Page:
— States and local communities will need to devise precise plans for receiving and locally distributing vaccines, some of which will require special handling such as refrigeration or freezing. States and cities have a month to submit plans.

— A massive information technology effort will be needed to track who is getting which vaccines and when, and the key challenge involves getting multiple public and private databases to link with each other.

Some of the broad components of the federal plan have already been discussed, but Wednesday's reports attempt to put the key details into a comprehensive framework. Distribution is under the umbrella of Operation Warp Speed, a White House-backed initiative to have vaccines ready to ship in 24 hours from when a version is given emergency use approval by the Food and Drug Administration.

However, public skepticism remains. Of the Americans who said in the May AP poll that they wouldn't get vaccinated, the overwhelming majority said they were worried about safety. To effectively protect the nation from the coronavirus, experts say 70% to 90% of Americans must either be vaccinated or have their own immunity from fighting off COVID-19.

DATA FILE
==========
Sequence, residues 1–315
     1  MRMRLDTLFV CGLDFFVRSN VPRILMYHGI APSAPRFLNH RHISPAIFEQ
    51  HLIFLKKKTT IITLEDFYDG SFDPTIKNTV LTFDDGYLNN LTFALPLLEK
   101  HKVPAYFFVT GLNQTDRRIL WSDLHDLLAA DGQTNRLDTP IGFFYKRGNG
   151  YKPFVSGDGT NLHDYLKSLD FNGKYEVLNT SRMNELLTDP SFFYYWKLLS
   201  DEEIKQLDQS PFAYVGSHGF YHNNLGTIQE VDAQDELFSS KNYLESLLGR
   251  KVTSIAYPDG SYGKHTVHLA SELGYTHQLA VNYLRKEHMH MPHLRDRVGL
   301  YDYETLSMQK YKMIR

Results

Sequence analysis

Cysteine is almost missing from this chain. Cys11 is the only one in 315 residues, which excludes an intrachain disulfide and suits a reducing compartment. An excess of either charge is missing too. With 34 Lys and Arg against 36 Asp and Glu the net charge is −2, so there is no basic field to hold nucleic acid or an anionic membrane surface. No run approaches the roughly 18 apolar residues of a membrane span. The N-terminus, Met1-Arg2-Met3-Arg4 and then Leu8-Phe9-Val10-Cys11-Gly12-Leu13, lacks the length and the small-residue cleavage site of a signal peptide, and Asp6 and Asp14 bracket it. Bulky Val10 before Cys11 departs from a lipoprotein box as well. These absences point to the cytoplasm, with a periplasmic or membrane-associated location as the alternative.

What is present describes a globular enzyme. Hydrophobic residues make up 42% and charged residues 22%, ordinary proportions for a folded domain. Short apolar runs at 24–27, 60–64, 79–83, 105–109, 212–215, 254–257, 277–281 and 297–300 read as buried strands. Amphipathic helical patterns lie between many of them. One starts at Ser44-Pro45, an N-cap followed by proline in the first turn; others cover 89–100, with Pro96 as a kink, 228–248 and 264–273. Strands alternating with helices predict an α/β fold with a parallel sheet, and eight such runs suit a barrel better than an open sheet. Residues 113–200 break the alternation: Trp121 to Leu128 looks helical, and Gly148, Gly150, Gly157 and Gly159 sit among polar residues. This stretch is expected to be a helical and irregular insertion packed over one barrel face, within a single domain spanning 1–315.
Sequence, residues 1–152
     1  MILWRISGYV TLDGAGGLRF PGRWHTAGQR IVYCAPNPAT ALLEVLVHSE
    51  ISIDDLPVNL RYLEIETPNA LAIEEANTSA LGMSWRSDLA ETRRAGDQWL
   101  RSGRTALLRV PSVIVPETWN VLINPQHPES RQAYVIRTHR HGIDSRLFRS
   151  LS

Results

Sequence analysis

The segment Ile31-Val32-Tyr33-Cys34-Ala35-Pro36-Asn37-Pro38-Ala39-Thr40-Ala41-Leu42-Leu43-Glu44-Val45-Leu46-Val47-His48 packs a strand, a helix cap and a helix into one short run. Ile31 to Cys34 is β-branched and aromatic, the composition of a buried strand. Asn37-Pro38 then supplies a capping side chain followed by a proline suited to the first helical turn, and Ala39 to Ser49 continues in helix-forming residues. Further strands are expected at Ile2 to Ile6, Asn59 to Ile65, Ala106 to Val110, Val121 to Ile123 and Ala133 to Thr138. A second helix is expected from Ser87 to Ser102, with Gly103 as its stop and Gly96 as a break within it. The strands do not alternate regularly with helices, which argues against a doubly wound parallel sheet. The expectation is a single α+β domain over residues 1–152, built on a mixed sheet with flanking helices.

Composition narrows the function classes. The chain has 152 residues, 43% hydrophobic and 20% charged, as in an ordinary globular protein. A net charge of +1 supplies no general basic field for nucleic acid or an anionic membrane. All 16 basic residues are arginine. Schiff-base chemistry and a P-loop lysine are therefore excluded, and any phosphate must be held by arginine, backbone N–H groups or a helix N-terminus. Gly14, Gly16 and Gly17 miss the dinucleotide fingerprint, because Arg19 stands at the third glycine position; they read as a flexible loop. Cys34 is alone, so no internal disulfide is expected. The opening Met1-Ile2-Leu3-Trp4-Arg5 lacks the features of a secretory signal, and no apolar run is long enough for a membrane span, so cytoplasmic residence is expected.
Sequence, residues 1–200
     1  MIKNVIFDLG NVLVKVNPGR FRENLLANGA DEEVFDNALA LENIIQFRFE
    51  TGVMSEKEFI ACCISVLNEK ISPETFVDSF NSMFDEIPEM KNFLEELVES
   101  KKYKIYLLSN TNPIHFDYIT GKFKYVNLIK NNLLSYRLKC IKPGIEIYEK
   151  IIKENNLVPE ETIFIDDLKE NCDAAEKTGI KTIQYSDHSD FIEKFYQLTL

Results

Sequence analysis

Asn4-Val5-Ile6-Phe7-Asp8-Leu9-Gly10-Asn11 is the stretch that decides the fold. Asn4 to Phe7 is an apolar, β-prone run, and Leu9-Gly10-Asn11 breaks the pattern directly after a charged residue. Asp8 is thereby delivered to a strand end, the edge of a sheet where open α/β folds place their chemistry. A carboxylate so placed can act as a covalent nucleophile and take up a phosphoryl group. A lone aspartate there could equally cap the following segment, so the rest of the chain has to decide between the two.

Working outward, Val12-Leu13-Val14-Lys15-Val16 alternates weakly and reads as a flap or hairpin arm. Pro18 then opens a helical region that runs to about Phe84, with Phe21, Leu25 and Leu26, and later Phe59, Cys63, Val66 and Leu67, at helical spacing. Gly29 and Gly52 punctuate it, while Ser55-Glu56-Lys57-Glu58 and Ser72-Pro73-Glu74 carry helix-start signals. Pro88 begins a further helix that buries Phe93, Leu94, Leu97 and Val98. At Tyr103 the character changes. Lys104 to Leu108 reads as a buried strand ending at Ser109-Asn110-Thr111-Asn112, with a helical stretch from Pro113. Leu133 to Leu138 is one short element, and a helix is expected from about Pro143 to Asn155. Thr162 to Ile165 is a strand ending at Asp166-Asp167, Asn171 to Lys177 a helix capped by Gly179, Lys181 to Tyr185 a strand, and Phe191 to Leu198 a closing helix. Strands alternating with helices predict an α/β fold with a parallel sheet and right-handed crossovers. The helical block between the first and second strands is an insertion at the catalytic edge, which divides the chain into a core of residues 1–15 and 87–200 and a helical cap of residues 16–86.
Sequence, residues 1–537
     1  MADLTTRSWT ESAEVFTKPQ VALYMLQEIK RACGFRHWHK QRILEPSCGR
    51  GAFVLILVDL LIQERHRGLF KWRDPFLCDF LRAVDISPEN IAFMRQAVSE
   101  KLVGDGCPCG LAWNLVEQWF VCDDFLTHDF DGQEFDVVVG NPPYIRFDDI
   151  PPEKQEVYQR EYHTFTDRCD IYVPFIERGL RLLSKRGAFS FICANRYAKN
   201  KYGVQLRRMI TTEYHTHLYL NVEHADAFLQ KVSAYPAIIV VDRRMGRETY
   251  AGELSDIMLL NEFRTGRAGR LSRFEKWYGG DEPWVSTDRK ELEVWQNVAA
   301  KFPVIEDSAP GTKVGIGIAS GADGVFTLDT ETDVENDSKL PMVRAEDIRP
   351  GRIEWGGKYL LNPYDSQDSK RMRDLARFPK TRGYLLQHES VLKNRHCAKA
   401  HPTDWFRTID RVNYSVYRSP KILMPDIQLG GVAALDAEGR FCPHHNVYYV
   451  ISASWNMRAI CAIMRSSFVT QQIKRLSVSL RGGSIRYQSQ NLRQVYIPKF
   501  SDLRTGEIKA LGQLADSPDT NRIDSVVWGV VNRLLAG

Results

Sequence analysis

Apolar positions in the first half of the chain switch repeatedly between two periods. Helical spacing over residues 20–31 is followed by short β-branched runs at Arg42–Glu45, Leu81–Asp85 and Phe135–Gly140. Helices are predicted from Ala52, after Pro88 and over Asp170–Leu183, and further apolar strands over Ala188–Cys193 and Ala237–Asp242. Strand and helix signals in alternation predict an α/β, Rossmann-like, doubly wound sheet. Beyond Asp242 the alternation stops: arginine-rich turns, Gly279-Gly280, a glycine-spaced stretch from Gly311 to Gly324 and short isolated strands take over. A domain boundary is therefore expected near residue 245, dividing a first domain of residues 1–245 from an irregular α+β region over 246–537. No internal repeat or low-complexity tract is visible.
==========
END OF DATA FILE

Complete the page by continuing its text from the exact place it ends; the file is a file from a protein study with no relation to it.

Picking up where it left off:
As public confidence in health agencies has taken a beating, Trump administration officials have been forced to play defense.

“We’re dealing in a world of great uncertainty,” said Paul Mango, a top HHS official working on the vaccine plan.

___

AP Writer Alexandra Jaffe contributed to this report.

  • Associated Categories: Associated Press (AP), AP National News, AP Online National News, Top General short headlines, AP Online Headlines - Washington, AP Online Congress News, AP Health, AP Business, AP Business - Corporate News
© Copyright 2020 AccessWDUN.com
All rights reserved. This material may not be published, broadcast, rewritten, or redistributed without permission.
US unveils broad vaccine plan -- but no quick rollout
The federal government is outlining a sweeping plan to make COVID-19 vaccines available for free to all Americans
5:23PM ( 9 minutes ago )
Biden says he trusts vaccines and scientists, not Trump
Joe Biden says that while he trusts what scientists say about a potential coronavirus vaccine, he doesn’t trust President Donald Trump
5:18PM ( 15 minutes ago )
The Latest: Mississippi boat captain: 'We were lucky'